Santa Fe Living Treasures – Elder Stories

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Harmon & Cornelia Hull

Harmon &
Cornelia Hull


Honored June, 1988

Harmon & Cornelia Hull

Cornelia Hull is compiling a book of her husband's wartime letters home. "Harmon tried to write four or five times a week, so it's a historical document," she told us. During the Second World War, her husband, a physician, served in the China, Burma, India theater. He headed a hospital at Kwei-Lin that was destroyed by the Japanese.

Harmon and Cornelia Hull met in Galveston, Texas, where both were studying medicine. Harmon was born in 1903 in Fairwater, Wisconsin; Cornelia in 1904 in Chautauqua County, New York. They married in 1930. Harmon completed his residency in Richmond, Virginia. They settled in Wisconsin and raised four sons: Pieter, Bruce, Stephen, and Douglas.

Harmon was a general practitioner, a charter member of the Academy of Family Practice. Cornelia, her medical studies sidetracked by the Depression and the war, threw her energies into community work, school board, League of Women Voters, and the Waupan Council on Human Relations. Organized by League members, the Council was a community (as opposed to church) effort on behalf of migrant workers. "We understood," Cornelia says, "that it was the first community project of its kind... in the country."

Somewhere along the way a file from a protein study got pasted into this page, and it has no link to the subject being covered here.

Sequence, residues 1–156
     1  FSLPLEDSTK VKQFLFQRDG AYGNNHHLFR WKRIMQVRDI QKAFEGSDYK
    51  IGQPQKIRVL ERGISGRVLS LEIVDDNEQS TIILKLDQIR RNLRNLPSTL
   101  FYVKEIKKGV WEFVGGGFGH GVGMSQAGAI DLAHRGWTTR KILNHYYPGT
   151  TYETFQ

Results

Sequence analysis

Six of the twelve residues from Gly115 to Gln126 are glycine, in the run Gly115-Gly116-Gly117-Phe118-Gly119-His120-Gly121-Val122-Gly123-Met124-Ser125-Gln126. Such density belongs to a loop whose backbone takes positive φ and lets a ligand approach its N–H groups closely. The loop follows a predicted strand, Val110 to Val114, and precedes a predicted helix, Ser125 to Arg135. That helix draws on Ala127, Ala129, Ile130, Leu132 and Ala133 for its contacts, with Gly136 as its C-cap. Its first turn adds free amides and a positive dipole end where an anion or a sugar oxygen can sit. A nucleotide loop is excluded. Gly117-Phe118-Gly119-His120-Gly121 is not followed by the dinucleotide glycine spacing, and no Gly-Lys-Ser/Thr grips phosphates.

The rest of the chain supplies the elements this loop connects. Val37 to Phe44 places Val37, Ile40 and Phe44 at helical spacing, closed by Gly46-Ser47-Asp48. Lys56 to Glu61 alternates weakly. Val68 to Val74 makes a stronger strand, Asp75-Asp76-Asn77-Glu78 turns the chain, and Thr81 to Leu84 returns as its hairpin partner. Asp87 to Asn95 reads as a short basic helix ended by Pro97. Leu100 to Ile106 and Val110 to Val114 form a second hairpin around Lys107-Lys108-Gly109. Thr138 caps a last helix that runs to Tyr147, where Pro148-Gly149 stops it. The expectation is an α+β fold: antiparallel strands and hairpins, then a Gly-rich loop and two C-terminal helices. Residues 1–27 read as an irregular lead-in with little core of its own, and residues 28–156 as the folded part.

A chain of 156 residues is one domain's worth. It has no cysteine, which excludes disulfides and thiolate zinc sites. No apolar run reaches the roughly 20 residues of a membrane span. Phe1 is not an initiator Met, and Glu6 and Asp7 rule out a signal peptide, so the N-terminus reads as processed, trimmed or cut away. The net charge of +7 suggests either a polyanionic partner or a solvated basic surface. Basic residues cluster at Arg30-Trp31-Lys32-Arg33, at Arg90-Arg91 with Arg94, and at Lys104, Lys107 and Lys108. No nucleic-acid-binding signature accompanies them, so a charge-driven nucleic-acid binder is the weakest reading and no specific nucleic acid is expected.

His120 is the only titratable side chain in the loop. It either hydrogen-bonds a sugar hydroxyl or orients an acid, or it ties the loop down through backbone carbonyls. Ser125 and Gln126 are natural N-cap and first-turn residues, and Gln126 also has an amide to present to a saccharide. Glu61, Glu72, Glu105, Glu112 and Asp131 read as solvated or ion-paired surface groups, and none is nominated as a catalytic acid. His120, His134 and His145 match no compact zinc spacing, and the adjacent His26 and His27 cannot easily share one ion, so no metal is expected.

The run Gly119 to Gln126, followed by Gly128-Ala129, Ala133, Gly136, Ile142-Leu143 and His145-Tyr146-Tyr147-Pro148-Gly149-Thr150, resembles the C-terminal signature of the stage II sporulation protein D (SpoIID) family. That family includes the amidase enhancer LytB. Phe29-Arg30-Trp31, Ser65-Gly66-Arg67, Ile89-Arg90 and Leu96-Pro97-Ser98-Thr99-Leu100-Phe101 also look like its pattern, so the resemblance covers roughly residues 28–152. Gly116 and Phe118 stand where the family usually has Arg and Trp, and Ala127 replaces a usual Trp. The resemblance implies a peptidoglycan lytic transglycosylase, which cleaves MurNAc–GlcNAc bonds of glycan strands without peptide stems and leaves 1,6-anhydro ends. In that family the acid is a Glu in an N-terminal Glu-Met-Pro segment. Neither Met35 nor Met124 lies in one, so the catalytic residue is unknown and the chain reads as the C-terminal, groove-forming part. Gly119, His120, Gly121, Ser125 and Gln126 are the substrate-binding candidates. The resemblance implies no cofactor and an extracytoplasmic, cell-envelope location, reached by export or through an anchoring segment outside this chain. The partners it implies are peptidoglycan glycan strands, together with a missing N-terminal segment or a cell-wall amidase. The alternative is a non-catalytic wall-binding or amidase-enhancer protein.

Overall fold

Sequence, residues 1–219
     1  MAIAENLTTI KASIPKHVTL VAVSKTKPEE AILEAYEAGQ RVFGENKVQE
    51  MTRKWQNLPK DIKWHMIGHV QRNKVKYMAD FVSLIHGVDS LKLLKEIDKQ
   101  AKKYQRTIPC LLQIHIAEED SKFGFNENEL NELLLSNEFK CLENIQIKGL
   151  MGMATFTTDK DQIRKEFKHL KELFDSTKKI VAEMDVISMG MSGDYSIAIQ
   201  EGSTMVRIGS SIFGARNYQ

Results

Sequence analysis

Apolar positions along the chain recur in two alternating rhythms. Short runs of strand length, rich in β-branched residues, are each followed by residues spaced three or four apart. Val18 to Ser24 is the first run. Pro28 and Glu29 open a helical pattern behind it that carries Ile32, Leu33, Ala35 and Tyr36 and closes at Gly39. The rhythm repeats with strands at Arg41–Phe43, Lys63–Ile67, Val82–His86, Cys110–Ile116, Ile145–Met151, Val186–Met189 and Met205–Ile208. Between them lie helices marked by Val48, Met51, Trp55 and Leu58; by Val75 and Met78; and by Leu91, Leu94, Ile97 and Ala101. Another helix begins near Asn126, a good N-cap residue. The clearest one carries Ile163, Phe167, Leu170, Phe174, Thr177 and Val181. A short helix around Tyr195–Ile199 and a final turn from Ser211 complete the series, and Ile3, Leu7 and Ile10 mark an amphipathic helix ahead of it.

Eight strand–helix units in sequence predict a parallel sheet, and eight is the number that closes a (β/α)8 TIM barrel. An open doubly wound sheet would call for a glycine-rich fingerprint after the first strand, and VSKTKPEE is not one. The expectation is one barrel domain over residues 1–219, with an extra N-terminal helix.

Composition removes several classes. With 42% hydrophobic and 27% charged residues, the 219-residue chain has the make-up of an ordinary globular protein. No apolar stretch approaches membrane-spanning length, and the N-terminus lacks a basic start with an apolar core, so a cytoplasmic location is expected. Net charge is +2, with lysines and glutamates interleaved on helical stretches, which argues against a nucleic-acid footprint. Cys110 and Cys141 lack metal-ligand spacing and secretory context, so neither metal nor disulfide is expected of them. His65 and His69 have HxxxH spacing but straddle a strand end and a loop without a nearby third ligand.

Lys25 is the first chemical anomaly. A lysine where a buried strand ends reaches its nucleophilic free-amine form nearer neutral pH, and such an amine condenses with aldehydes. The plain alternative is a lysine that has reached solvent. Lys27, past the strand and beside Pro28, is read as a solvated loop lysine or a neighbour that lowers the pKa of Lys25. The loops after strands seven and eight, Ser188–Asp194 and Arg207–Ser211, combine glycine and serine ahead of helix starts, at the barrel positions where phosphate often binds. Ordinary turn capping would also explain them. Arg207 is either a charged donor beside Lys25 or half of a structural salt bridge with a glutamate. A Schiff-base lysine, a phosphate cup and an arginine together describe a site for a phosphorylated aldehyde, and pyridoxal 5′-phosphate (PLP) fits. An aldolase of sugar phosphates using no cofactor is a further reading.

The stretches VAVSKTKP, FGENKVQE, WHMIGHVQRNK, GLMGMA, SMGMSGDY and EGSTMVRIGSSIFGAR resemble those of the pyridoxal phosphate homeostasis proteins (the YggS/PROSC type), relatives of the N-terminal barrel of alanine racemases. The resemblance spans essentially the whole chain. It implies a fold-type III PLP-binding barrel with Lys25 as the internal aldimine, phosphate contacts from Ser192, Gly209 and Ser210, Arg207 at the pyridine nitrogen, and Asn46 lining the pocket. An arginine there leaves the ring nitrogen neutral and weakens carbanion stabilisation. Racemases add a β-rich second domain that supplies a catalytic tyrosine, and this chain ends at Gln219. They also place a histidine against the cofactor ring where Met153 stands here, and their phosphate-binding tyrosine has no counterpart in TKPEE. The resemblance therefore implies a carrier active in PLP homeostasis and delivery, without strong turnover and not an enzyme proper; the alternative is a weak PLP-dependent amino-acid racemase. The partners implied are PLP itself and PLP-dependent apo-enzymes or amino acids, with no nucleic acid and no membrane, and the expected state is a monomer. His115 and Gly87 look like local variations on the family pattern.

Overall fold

Mexican-Americans from the Texas border arrived in the Waupan area each spring to work in the sugar beet fields and stayed right through the fall before moving on to the orchards of the Northwest. Their children never saw the inside of a school, until Cornelia and colleagues got going. They opened a pioneer bilingual school, staffed by Spanish speaking students from University of Wisconsin; they started health and housing programs and opened the local swimming pool to migrant families. Cornelia also served on the Governor's Commission on Human Rights, under four Wisconsin governors.

The Hulls moved to Santa Fe in 1968. Disturbed by the lack of affordable housing in his new community, Harmon bought a few old condemned houses on the west side. "He thought we should renovate them, make them attractive, and then have the people who had been living in them before be able to move back in without having to pay more rent. It was his little personal Habitat for Humanity."

Please see Volume 1 for complete text.
Photo ©1997 by Joanne Rijmes